means for determining the level of correspondence between said first and second sequence of character elements from said digital values, whereby each said data processor can contribute to said level of correspondence based upon a unique similarity table stored in a corresponding memory device, said means for determining the level of correspondence between said first and second sequences including means for processing responsive to insertion of an additional element into one of said first and second sequences during said dynamic comparison a signal indicative of said additional element insertion.
37. The system recited in claim 36 further comprising a clock for synchronizing the operation of said data processor.
38. The system recited in claim 36 further comprising means for manifesting said level of correspondence as scores corresponding to each pair of characters of said first and second sequences.
39. The system recited in claim 38 further comprising means for determining the maximum such score and for identifying the pair of characters corresponding to said maximum score.
40. A multiprocessor apparatus for dynamically comparing against one another a first sequence having a first number of elements and a second sequence having a second number of elements comprising:
a plurality of computational processors arranged in an interconnected serial array; each such processor being selectively associated with an element of said first sequence of elements;
means for serially propagating said second sequence of elements through said processors; and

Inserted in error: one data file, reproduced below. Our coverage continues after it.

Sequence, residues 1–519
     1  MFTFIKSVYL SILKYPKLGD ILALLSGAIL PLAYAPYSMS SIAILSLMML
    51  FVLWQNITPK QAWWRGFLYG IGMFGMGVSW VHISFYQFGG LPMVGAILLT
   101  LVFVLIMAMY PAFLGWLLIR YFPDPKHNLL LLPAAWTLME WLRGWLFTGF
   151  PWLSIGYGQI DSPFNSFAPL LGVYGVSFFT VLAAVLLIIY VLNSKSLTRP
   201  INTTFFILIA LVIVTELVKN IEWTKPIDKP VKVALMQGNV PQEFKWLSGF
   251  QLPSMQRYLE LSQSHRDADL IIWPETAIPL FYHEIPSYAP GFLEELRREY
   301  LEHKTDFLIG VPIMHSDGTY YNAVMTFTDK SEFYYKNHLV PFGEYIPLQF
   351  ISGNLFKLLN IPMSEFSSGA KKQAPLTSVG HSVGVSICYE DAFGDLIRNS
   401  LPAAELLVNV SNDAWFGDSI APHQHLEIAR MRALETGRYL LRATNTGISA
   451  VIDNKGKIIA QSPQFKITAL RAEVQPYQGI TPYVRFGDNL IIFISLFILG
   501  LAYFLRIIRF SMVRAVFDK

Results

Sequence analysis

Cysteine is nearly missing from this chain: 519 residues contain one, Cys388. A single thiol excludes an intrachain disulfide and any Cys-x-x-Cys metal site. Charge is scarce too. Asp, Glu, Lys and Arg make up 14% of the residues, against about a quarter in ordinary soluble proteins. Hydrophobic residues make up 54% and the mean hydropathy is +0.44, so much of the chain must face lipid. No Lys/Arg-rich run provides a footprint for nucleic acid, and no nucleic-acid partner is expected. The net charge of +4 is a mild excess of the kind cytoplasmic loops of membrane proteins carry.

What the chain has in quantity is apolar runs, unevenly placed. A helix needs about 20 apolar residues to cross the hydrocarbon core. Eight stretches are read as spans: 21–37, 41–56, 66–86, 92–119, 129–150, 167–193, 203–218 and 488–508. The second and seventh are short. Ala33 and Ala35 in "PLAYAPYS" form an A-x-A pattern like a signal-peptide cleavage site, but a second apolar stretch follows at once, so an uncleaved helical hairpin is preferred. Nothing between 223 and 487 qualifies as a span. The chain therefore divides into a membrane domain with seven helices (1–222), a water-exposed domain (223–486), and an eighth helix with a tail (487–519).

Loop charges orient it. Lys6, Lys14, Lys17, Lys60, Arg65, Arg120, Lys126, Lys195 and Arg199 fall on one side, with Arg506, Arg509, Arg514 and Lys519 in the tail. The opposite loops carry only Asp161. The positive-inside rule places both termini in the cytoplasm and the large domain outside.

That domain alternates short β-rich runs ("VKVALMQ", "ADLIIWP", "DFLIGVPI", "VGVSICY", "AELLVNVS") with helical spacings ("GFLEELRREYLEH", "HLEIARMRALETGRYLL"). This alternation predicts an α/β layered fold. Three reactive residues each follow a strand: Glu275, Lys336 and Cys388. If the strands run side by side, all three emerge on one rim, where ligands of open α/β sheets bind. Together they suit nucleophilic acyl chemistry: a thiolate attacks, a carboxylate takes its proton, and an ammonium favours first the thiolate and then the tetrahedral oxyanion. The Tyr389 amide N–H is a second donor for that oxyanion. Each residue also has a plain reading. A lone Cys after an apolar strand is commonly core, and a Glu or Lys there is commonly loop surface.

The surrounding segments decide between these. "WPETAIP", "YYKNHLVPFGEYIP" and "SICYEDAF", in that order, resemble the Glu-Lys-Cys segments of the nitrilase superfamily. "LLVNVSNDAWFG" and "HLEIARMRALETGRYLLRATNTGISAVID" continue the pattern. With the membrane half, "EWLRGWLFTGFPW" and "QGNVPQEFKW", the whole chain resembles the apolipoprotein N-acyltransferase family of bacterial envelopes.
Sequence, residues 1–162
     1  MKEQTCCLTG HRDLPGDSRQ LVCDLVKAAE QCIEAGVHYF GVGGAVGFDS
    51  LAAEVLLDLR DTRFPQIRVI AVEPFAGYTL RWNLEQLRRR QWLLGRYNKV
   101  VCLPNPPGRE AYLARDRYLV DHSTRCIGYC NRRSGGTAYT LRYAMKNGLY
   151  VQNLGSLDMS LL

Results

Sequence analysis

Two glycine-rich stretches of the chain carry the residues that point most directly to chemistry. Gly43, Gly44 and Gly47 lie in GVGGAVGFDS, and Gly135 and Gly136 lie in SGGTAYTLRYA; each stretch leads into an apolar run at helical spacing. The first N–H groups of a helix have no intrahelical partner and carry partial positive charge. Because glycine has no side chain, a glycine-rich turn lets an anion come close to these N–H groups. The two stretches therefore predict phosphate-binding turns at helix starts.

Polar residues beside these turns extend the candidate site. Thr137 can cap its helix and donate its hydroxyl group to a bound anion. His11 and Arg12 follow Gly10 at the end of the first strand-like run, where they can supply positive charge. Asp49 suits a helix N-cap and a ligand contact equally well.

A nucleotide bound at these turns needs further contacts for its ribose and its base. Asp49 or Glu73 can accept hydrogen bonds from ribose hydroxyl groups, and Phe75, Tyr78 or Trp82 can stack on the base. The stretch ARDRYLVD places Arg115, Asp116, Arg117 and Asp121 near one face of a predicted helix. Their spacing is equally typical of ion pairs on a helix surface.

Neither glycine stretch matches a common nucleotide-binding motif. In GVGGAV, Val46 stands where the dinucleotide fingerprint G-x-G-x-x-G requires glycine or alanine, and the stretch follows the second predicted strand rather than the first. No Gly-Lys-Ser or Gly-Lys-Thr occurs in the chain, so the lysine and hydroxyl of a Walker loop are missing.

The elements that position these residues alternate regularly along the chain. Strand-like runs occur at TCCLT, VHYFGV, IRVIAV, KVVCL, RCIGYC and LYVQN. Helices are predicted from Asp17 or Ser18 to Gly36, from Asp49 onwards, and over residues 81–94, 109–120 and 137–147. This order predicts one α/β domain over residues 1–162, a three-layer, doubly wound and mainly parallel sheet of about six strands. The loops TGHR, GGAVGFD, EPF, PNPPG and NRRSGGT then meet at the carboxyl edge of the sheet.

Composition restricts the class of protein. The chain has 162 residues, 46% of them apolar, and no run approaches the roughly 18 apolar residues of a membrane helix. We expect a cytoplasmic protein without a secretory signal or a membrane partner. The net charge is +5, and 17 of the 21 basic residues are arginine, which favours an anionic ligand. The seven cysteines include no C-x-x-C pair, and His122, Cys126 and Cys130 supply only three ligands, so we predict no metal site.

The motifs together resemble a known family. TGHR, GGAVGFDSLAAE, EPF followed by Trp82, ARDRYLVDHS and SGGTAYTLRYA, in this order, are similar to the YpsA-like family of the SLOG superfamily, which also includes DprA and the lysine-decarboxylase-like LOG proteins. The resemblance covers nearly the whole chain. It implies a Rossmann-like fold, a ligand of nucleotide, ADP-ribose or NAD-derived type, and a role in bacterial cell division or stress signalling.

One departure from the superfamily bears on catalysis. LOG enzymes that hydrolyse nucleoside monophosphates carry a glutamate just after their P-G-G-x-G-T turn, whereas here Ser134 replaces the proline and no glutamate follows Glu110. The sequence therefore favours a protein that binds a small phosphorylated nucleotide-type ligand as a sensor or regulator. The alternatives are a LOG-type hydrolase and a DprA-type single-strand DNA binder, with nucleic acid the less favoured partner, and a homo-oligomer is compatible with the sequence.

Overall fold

means for generating a measure of the similarity of said sequences and alternatively for element segments thereof at each processor for each processor's combination of elements from said first and second sequences substantially as said second sequence elements are propagated through said processors, said means for generating said measure of similarity including means for processing responsive to insertion of an additional element into one of said sequences during said dynamic comparison a signal indicative of said additional element insertion;
means for identifying the respective elements of said first and second sequences for which said measure represents the greatest degree of such similarity;
means for establishing a threshold measure and for ignoring all said measures below said threshold measure;
means for storing all said measures above said threshold measure and for automatically stopping said propagating of said second sequence of elements through said processors when a selected number of said measures are stored.
41. The apparatus recited in claim 40 further comprising means for basing said measure on similarity measures of each processor's elements.
42. The apparatus recited in claim 40 further comprising means for basing said measures on whether or not said respective segments differ from one another as a result of one or more deletions in said segments.
43. The apparatus recited in claim 42 wherein said basing means permits differences in score effects between deletions in one segment and deletions in the other second segment.
44. The apparatus recited in claim 40 wherein all of said processors, said propagating means and said generating means are located on a unitary integrated circuit device.
45. The apparatus recited in claim 40 further comprising means for interconnecting said array of processors to additional arrays of processors.
46. The apparatus recited in claim 40 further comprising clock means for synchronizing said processors.
47. An integrated circuit apparatus for dynamically comparing at least one element sequence against a plurality of other element sequences by providing a plurality of scores indicative of the degree of similarity of respective segments of the one element sequence and the other element sequence; the apparatus comprising:
a plurality of processors, each such processor having means for generating respective ones of said scores for said segments ending at selected elements of said respective sequences, said means for generating said scores including means for processing responsive to insertion of an additional element into one of said sequences during said dynamic comparison a signal indicative of said additional element insertion; and